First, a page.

Caring For And Treating Nail Psoriasis

manicured hands( — You may know that psoriasis is a condition that affects the skin, but what about the nails? Nail psoriasis is the term for the changes in your fingernails and toenails that occur as a result of having psoriasis. Up to half of all people who have psoriasis will have nail psoriasis as well.

While it’s not a life-threatening condition, nail psoriasis can affect your quality of life, since it may cause you discomfort and affect your self-esteem, and it may also put you at greater risk of developing psoriatic arthritis. Although it cannot be cured, nail psoriasis can be helped with treatment.

Nail psoriasis occurs because psoriasis affects the process of nail formation. People who have nail psoriasis usually have psoriasis on other parts of their body, such as the skin and joints. Rarely does someone have only psoriasis of the nails.

Symptoms of nail psoriasis vary but may include:

• Discoloration of the nail to yellow-brown
• Pitting (holes) in the surface of the nails
• Horizontal lines across the nails
• White patches on the nails
• Thickening of the nails
• Nails that separate from the nail bed

Treatment Options

Your treatment will depend on the type of nail psoriasis you have and how severe it is. If you have psoriasis that affects other parts of your body, the treatments your doctor recommends to alleviate those symptoms may also help your nail psoriasis.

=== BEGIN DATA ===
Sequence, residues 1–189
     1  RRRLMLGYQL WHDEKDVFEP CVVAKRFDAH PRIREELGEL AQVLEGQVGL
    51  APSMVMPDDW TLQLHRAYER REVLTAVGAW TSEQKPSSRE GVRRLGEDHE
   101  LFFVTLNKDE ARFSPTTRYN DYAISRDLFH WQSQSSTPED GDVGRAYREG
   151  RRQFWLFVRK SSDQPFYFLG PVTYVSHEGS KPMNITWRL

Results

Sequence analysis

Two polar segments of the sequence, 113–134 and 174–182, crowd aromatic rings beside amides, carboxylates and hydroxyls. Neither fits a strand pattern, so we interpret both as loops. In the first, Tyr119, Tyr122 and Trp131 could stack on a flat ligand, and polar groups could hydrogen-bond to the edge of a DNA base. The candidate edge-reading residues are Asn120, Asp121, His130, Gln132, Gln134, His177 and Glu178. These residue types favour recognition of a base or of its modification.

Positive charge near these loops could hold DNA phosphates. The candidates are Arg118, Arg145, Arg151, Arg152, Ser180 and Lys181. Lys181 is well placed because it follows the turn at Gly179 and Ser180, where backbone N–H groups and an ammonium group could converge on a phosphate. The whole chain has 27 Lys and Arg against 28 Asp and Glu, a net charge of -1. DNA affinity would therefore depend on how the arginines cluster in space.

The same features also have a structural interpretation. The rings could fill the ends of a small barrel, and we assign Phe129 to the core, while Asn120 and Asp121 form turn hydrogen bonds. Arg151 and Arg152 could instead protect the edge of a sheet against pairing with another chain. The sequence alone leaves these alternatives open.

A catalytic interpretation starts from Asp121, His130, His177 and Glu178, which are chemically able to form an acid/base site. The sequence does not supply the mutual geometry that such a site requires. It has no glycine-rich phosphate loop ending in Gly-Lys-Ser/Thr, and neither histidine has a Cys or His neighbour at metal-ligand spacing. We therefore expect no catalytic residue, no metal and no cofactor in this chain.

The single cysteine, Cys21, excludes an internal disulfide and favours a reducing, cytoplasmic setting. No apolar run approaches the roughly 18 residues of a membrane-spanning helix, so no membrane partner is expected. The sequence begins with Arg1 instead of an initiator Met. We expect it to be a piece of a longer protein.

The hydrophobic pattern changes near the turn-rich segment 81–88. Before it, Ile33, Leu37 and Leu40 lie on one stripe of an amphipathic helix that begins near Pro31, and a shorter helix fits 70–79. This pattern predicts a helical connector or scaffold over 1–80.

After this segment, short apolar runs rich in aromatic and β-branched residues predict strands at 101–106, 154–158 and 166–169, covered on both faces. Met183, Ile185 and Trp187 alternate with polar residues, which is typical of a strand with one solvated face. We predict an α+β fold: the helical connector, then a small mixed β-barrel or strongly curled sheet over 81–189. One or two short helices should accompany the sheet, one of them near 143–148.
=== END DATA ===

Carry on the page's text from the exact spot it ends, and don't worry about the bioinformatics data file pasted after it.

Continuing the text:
Other options for nail psoriasis include:

• Topical treatments—These medications are applied to the nails:

o Dovonex (calcipotriene): a form of synthetic vitamin D3 that can slow cell growth
o High-potency corticosteroids: anti-inflammatory medications that can be applied to the nails temporarily
o Cordran (flurandrenolide): a steroid medication that is in the form of a tape that can be applied to the nails
o 5-fluroruracil cream: a topical treatment that often helps with nail pitting
o Tazorac (tazarotene): a topical medication that can slow cell growth

• Corticosteroid injections—In some cases, having steroid medications injected into your nail bed or matrix can temporarily improve nail psoriasis symptoms.

• Phototherapy. A type of phototherapy known as PUVA (psoralen and ultraviolet light A) uses UVA light plus a light-sensitizing medication called psoralen. When your skin or nails are sensitized to UVA rays, excessive cell production can be slowed. PUVA for nail psoriasis may involve taking psoralen orally or painting it onto the nails before UVA treatment.

• Cosmetic nail repair. Sometimes surgery or the application of a urea compound is necessary to remove deformed nails. In cases where nails are excessively thick and long, they can be filed down. If nails are discolored or otherwise cosmetically deformed, the deformity can be covered up with nail polish or artificial nails. And pitted nails can be buffed and polished.

Maintaining Good Nail Shape

In addition to following your doctor’s recommendations involving treatment for nail psoriasis, there are other ways to take care of your nails:

• Keep your nails trimmed as short as possible.
• Wear gloves when you’re working with your hands.
• Wear shoes with plenty of room in them.
• Avoid scrubbing or scraping underneath your nails.
• Use gentle nail-cleaning tools.
• Soak your nails in tar bath oil mixed with water, then apply nail moisturizer.
• If your nails are intact, consider using a nail hardener to improve their appearance.

Taking good care of your nails can minimize the effects of psoriasis-associated nail changes.

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